I’m not going to go into a travelogue here, but I will offer another perspective. Leaving Sierra West, I made the long drive along the vast plains of Alberta to Dinosaur Provincial Park, famous for the massive quantities of dinosaur bones found on site. It was a lovely if not fairly boring drive. The farmland seemed to extend forever and I immediately grasped the true meaning of the term Big Sky Country. It was beautiful in its own way, but monotonous and after a while I began to question whether or not it was worth the drive.

My first introduction to the park proved that yes, it indeed was worth that long drive. The scenic overlook at the entrance to the park literally took my breath away. This was it – this was the varied and iconic landscape that I’d traveled to see and wow, it was even more impressive in person than I could have ever imagined. The park is great, but it is fairly remote. The closest decent-sized town (Brooks) is about 30 minutes away, and many overnight visitors decide to camp. The tourism board in Alberta decided that would be a good idea for me too, but they also knew my reputation and booked me into what is called Comfort Camping.

I was dubious. As I dashed through the rain from my car to the cabin, I wasn’t sure what to expect. It’s an outfitter’s cabin that has a permanent cabin over it and inside is a proper bed, tables, sofa, refrigerator and indeed just about every convenience you could imagine. But it was outside, with every mosquito in the world and I wasn’t sure if I could do it. I know, I know, I’m a wimp. But I was surrounded by enterprising campers and here I was, the guy who brought a pizza for his first camping dinner. I felt like Frasier Crane out there in the bush.

Just like the ranch experience though, the comfort camping was another key moment in my road trip through Alberta. First, it really is the best way to experience Dinosaur Provincial Park. A park that is so amazing, it will be hard for me to describe it with any justice and one whose beauty and remarkable nature touched me on a very personal level. But that’s the point. These places, both the ranch and the park, are easy enough to get to, but to stay there and to really experience what life is like you have to, well, stay there. There are no Four Seasons or even a Marriott nearby. It means, for me at least, setting aside certain reservations and just enjoying the experience.

It will be with great enthusiasm that I write all about the adventures I enjoyed on my trip, because this trip more than any other recently touched me on a personal level. Maybe it was the extended time alone, or perhaps it was the shock and awe of the beautiful landscapes, but I left Alberta a different person. A better person, one who not only can better appreciate the amazing gifts Mother Nature has given us, but who can also experience them the way they were honestly meant to be experienced. And that is why travel is so amazing.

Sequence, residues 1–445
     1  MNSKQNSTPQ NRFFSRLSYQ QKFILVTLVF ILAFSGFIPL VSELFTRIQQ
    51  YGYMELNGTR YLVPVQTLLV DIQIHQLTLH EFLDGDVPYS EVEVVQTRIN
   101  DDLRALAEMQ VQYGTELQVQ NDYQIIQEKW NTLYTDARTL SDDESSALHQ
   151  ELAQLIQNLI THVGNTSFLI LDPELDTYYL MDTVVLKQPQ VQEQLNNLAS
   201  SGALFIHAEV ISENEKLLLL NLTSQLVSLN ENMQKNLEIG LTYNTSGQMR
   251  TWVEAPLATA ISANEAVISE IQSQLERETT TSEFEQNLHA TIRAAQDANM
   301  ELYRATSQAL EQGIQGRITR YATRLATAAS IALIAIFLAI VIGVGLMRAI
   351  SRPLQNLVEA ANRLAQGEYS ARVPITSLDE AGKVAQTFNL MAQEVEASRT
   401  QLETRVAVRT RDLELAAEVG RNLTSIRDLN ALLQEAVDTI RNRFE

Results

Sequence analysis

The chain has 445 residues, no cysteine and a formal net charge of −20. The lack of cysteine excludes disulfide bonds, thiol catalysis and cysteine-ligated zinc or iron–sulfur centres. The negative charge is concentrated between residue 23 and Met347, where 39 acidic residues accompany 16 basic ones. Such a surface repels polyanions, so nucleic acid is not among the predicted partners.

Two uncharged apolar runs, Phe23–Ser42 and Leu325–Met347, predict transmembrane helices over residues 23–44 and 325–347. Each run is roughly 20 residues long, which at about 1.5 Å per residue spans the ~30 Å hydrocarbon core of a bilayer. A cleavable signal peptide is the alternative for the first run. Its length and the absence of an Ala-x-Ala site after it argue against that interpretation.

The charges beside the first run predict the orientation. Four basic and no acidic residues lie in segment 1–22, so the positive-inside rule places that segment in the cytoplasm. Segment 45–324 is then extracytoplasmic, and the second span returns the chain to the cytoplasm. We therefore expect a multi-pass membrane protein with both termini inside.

By: Matt Long

Matt has a true passion for travel. As someone who has a bad case of the travel bug, Matt travels the world in order to share tips on where to go, what to see and how to experience the best the world has to offer.

4 thoughts on “First Thoughts About My Rural Alberta Road Trip”

  1. Matt, I lived in Alberta most of my childhood and never ventured to the badlands. So last year we took the trip and I couldn’t believe it was part of the same province! The landscape is entirely different than anything I had seen before! We enjoyed ourselves so much we were actually going to go back this summer and do the “comfort camping ” with my sister’s family but we never got organized in time, maybe next year : ) Love your photos, you make Alberta look pretty amazing!

  2. I think that being surprised even after travelling a good chunk of the world is one of my favorite things about travel. There is a tendency to think of the US and Canada as fairly homogenized and I love finding areas that march to their own beat.

  3. Hands down, Matt, these are the most beautiful photos of Alberta I’ve seen. I’ve travelled through the province a couple of times, even worked there for a few months, and didn’t see this. Proving that travel and photography is all about the individual and their eyes. Memorable post.